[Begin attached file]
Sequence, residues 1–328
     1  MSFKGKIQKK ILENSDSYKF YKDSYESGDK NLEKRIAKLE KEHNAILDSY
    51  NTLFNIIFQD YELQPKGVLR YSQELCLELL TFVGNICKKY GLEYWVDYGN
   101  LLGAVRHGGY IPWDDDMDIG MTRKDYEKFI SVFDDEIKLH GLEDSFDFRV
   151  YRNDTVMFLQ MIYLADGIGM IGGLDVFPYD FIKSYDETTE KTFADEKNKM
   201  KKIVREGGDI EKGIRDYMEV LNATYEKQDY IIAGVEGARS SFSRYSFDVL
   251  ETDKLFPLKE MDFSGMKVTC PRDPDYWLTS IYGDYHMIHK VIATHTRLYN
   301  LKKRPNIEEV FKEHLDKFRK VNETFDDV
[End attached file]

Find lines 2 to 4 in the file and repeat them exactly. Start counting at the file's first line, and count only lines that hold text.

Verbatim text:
     1  MSFKGKIQKK ILENSDSYKF YKDSYESGDK NLEKRIAKLE KEHNAILDSY
    51  NTLFNIIFQD YELQPKGVLR YSQELCLELL TFVGNICKKY GLEYWVDYGN
   101  LLGAVRHGGY IPWDDDMDIG MTRKDYEKFI SVFDDEIKLH GLEDSFDFRV